Once the walls are in place and any wall cavities filled with your chosen insulation, it’s time for the roof to go on. The framework may already have been in place, or this will happen now, along with whatever finish you have chosen, such as tiling.

Topping off

Once you’ve made it this far it’s time to get your whole team together, have a brief break and pat yourselves on the back. You might like to indulge in a topping off ceremony to celebrate the final bricks and tiles being in place in your building.

Make weather-tight

Now you can see the main body of your new home is complete it’s time to make it weather-tight. Your door and window suppliers should be ready to deliver on time so that this landmark phase goes smoothly and quickly. Putting in the windows is always nerve-racking and relies heavily on all parties following your exact measurements. After this stage is complete you can start to breathe again as your building is safe from the elements and looking more like a home than a building site.

Finish the external

At this stage you will still have the scaffolding up, so get the outside of the house finished while it’s still there. Put up the guttering, add any decoration such as rendering and painting. Rendering may also be necessary to ensure your home is completely watertight and insulated, depending on the type of construction.

To find out what happens next, look out for the next article in our “Self-build Timeline” series of blogs.


self build timeline 2 copy…The site is now yours, but you still have seemingly endless amounts of paperwork to get through before you can even think about concrete.

Find insurance

The first step is to find insurance. This is vital in case things go wrong with the build or any workers injure themselves.

Find your team

Now is the time to find your key workers. Depending on your experience and how much involvement you’re going to have in the project you will want to find an architect or a designer and a project manager. If you wish, you can take on the role of project manager yourself. A project manager typically costs 7-15% of the overall build cost, so doing this yourself could save you money, but it could also cost you if it isn’t done well. Be warned, project management means being on site most days and always available if something crops up.

Employing a company such as KJ Hill to project manage your self-build means that you have an experienced professional taking care of everything for you. Working to tight deadlines and ensuring that tradesmen are on site at just the right time can save you the cost of paying for your project manager and more. If you choose to take on the role yourself, be very sure you have the time, organisational ability and knowledge to do this.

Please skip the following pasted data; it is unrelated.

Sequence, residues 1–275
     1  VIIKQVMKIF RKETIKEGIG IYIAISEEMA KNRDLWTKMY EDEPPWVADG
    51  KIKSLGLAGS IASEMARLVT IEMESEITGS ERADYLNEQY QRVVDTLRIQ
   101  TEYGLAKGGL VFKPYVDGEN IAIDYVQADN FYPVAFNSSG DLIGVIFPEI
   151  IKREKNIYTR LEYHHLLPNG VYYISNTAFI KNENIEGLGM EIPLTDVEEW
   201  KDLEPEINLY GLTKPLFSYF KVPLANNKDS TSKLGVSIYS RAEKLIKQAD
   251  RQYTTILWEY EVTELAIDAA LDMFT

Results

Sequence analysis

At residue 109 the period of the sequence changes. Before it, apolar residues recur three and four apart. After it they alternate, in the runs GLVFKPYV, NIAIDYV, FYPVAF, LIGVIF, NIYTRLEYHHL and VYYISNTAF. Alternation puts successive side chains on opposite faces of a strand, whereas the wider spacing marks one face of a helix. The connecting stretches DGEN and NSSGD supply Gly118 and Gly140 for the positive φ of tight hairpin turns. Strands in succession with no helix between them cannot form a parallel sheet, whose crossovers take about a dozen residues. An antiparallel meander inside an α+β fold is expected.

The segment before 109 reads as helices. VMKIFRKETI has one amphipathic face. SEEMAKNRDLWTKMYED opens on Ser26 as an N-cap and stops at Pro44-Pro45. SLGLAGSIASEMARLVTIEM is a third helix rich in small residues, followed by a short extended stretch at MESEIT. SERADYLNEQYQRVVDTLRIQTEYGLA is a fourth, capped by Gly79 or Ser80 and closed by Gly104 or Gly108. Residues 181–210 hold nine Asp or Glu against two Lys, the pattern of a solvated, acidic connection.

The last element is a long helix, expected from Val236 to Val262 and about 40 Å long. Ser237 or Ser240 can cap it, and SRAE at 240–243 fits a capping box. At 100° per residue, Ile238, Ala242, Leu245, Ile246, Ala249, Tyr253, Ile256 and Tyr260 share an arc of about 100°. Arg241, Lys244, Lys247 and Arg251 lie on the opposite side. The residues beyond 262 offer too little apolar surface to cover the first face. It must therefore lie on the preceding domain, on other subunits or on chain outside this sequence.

Plan design

With your team together you now need to plan your design. This will come as a welcome break after months of paperwork. At the end of this stage you’ll have a clear vision of how your project will turn out; giving you the hope you need to get you through. Make sure budgets and time frames have some all-important leeway built in for the inevitable hiccups that you will come across.

Planning permission

You should already have a clear idea of the planning regulations that will affect you, but with your plot purchased and your design in-hand it’s time to seek planning permission. This stage will seem excruciatingly slow, but provided you’ve done your research you shouldn’t encounter problems. If you’re looking to build something unique that’s likely to come up against some resistance then it’s highly recommended that you start communicating with your local planning authorities before too much money is spent.

Apply for basic utilities

You will need your basic utilities. Apply for your water and electricity as soon as planning permission is granted so you don’t experience delays with your build.

Prepare detailed drawings

Work with your architect or designer to put together the detailed drawings that will act as the instruction manual for the whole team of workers, ensuring that everyone on site is coordinated and there are no costly errors.

Coordinate building control officers

It’s time to get the authorities involved again and inform the building control officers of all your plans and coordinate site inspections to ensure you’re operating a safe site that complies with building regulations.

Find your suppliers

Ensure you’ve selected the suppliers of raw materials and fittings that will deliver on time and can provide exactly what you’re looking for. Start to work with any companies that will be preparing bespoke items such as windows, doors or staircases.

Find your tradesmen

Find the tradesmen who will be working on your site. You may need a variety of different teams, or you may need one head builder who already has reliable subcontractors. Either way, do your research as you’re trusting your project and your finances with these tradesmen.

Of course, if you’ve employed a good project manager such as KJ Hill, most of the above will be their responsibility.

To find out what happens next, look out for the next article in our “Self-build Timeline” series of blogs.


A self-build timelineA self-build is a daunting task. There’s a lot of risk, a lot of work and a lot of different stages to go through before you can move into your dream home. To help you focus on your goal and to keep track of everything that you need to do we’ve put together a timeline of all the different stages that you need to complete in order to build your own home.
Arrange a mortgage in principle
The first stage is to find out how much money you will have available to you. Contact different self-build mortgage providers to find out how much money they will lend you in order to complete your build.
Plan budget
Once you know how much mortgage you are entitled to you can assess your other financial assets and set a figure for your budget. Make sure your budget  is realistic and achievable. The main reason for a self-build failing is a poorly planned budget.
Locate potential plots